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Deriving welfare measures from discrete choice experiments: a response to Ryan and Santos Silva
Emily Lancsar and
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Emily Lancsar: Business School (Economics), Centre for Health Services Research, University of Newcastle upon Tyne, UK, Postal: Business School (Economics), Centre for Health Services Research, University of Newcastle upon Tyne, UK
, 2004, vol. 13, issue 9, pages 919-924
Health Economics Abstract:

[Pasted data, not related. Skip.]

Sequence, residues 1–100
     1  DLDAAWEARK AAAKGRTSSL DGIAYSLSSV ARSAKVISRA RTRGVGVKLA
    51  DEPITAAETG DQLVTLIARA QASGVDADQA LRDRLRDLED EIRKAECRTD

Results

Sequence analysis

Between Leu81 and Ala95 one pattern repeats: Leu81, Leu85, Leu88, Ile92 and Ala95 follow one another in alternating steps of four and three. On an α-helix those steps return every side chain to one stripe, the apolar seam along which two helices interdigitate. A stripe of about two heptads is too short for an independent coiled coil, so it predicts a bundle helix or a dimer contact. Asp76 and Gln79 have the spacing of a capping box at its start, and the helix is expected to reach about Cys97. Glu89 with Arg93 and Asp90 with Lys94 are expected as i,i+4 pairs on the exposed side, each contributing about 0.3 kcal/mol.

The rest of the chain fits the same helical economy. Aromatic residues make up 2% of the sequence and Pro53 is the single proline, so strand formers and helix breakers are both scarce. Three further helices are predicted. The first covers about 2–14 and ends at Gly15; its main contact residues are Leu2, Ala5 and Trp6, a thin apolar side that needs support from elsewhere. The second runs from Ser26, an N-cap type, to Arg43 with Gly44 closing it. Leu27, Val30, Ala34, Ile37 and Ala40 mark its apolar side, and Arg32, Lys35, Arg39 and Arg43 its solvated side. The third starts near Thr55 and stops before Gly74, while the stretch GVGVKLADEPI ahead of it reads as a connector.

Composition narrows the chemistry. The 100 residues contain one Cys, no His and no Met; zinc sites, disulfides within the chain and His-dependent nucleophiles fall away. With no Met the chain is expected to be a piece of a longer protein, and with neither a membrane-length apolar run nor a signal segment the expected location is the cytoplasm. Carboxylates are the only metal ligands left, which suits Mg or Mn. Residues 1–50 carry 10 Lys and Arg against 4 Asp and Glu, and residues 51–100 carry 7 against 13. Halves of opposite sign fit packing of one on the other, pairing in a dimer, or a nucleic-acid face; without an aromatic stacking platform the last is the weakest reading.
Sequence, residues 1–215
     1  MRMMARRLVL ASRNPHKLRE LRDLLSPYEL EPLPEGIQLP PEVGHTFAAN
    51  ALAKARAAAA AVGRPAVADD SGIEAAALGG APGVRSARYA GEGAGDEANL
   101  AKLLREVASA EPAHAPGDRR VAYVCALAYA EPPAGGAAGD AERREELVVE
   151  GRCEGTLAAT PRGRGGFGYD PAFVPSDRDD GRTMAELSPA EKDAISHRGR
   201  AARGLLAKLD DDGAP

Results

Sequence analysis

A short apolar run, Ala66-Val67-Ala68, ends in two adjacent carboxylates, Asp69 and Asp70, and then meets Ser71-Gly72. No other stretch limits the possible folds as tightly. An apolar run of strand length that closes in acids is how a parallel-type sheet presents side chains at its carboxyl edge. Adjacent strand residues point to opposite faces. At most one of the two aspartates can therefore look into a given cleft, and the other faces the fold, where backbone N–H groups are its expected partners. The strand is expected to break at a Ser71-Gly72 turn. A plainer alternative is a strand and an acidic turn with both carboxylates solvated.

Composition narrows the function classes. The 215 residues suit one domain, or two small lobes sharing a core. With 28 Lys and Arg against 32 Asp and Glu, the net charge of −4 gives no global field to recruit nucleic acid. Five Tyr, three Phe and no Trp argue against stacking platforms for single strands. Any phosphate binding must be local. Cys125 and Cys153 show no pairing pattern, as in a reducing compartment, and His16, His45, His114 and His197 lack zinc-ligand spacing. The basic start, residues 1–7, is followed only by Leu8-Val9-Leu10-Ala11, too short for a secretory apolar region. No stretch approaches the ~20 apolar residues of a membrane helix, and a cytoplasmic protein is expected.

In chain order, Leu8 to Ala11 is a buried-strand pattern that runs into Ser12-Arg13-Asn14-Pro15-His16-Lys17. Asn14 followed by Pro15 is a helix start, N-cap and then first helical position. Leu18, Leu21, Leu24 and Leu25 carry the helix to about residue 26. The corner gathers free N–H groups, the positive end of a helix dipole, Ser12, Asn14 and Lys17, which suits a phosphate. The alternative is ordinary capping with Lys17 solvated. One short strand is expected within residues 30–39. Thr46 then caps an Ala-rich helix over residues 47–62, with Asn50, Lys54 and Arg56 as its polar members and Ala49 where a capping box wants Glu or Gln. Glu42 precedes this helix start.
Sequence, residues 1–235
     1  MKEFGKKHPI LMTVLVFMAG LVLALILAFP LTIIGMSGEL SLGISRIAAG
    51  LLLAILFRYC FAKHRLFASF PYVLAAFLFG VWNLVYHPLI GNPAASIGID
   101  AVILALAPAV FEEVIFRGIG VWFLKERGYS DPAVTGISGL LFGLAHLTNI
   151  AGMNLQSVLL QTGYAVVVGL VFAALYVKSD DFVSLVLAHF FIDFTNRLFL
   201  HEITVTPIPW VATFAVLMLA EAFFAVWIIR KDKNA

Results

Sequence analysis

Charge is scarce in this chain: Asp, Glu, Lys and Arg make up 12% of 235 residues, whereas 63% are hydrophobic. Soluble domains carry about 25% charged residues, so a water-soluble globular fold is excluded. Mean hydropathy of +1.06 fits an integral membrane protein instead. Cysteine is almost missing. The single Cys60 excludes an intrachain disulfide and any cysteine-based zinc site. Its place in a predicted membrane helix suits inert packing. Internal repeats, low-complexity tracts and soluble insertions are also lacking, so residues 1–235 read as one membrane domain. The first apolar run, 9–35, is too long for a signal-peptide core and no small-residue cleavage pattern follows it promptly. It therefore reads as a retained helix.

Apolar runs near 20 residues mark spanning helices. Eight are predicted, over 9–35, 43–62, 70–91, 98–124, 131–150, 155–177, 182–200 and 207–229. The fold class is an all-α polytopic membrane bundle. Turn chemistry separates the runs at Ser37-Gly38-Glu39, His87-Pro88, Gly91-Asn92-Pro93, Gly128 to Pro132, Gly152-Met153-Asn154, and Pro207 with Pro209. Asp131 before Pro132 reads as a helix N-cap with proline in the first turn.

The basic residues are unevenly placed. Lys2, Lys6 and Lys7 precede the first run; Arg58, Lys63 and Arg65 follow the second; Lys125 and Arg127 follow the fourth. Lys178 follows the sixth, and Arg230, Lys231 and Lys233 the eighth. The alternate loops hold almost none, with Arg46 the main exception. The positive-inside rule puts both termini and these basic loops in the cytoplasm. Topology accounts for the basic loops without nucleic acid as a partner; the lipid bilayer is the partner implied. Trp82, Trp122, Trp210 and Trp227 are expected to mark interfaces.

In this response we start by highlighting the key area of agreement between the commentaries and our original paper: if there is uncertainty regarding which alternative will be chosen, in a DCE or in the real world, then the compensating variation as modified for discrete data by Small and Rosen is the appropriate method of deriving welfare measures from DCEs. Both commentators point out circumstances in which the method traditionally used in the health economics arena may be consistent with the compensating variation. We show that these circumstances require a number of potentially unrealistic and ad hoc assumptions, and argue that using the traditional method could produce erroneous welfare estimates if these assumptions fail to hold in practice. We show that the compensating variation method can accommodate each of the special cases raised by the commentators and therefore is the more general and appropriate approach to deriving welfare measures from DCEs. We also respond to issues raised regarding the estimation of DCEs in general and our application to asthma medication in particular. Copyright © 2004 John Wiley & Sons, Ltd.
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